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Herzing Milwaukee Blood Drive 2010

July 8, 2010

Herzing University Online and Home Office took a little time away from work on Wednesday July 7, 2010 to donate blood to the Blood Center of Wisconsin.  In total 26 units were donated making for a VERY successful blood drive.  Most notably there were six staffers who made first time blood donations and lived to tell the tale.  The Double Tree Hotel in Milwaukee donated the space for the Blood Center to set up their equipment and five of their staff also participated in the drive.    Here are some fun blood donation facts from the Red Cross!

  • If you began donating blood at age 17 and donated every 56 days until you reached 76, you would have donated 48 gallons of blood, potentially helping save over 1,000 lives!
  • Every two seconds someone in the U.S. needs blood.
  • More than 38,000 blood donations are needed every day.
  • One out of every 10 people admitted in a hospital needs blood.
  • Total blood transfusions in a given year: 14 million (2001).
  • The average red blood cell transfusion is approximately 3 pints.
  • The average adult has about 10 to 12 pints of blood in his body. Roughly 1 pint is given during a donation.

    Veronica has donated blood every eight weeks for over fifteen years!

  • Blood donation is a simple four-step process: registration and medical history, mini-physical, donation, and refreshments – YES there are SNACKS involved!
  • Some patients require a closer blood match than that provided by the ABO positive/negative blood typing. For example, sometimes if the donor and recipient are from the same ethnic background the chance of a reaction can be reduced. That’s why an African-American blood donation may be the best hope for the needs of patients with sickle cell disease, 98 percent of whom are of African-American descent.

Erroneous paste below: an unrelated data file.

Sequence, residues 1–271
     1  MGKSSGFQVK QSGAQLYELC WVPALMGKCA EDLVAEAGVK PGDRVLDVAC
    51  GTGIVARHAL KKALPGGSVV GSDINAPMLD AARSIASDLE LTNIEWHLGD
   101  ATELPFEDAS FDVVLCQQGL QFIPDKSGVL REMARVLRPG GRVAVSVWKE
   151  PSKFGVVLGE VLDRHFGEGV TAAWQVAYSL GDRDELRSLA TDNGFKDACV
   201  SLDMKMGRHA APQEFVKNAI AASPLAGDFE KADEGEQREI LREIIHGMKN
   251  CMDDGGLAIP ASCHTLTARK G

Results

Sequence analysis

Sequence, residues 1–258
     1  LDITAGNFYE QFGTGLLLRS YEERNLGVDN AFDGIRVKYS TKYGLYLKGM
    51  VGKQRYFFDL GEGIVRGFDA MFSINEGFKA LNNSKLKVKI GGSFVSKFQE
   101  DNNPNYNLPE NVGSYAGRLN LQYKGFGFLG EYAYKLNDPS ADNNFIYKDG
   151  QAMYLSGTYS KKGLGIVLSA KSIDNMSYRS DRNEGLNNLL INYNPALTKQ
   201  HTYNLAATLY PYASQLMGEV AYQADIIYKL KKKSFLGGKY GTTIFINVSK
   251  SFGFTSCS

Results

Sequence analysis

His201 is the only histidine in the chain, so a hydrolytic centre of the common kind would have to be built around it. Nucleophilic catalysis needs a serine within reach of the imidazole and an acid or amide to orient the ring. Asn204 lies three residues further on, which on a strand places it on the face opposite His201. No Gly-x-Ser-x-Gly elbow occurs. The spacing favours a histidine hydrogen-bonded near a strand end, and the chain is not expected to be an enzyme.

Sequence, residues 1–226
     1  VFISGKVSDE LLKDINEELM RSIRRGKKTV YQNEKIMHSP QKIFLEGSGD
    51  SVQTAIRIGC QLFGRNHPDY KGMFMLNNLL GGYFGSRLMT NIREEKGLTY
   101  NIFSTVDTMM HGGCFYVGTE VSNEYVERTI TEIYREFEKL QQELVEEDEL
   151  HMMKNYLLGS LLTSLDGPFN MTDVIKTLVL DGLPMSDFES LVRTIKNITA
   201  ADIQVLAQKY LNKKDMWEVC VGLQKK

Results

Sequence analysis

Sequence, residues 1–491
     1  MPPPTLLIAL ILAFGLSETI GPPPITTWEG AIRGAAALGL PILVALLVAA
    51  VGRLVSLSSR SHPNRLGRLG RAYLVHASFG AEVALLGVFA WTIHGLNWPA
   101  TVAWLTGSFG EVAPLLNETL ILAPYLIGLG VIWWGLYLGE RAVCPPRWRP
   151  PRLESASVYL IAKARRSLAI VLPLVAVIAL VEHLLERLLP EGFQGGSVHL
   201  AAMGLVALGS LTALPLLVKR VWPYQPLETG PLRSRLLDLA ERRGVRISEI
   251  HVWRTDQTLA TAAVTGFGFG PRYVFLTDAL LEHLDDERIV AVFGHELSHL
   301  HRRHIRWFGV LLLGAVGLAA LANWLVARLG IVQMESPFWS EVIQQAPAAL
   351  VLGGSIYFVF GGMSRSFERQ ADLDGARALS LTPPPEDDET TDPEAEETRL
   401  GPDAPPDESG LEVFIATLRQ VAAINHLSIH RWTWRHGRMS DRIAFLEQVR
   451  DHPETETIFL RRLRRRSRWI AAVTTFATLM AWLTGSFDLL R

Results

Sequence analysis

Rob is making his first donation!

There are four major blood groups determined by the presence or absence of two antigens – A and B – on the surface of red blood cells:

  • Group A – has only the A antigen on red cells (and B antibody in the plasma)
  • Group B – has only the B antigen on red cells (and A antibody in the plasma)
  • Group AB – has both A and B antigens on red cells (but neither A nor B antibody in the plasma)
  • Group O – has neither A nor B antigens on red cells (but both A and B antibody are in the plasma)

O positive is the most common blood type. Not all ethnic groups have the same mix of these blood types. Hispanic people, for example, have a relatively high number of O’s, while Asian people have a relatively high number of B’s. The mix of the different blood types in the U.S. population is:

Caucasians African American Hispanic Asian
O + 37% 47% 53% 39%
O – 8% 4% 4% 1%
A + 33% 24% 29% 27%
A – 7% 2% 2% 0.5%
B + 9% 18% 9% 25%
B – 2% 1% 1% 0.4%
AB + 3% 4% 2% 7%
AB – 1% 0.3% 0.2% 0.1%

A big HOORAY goes out to everyone who participated.

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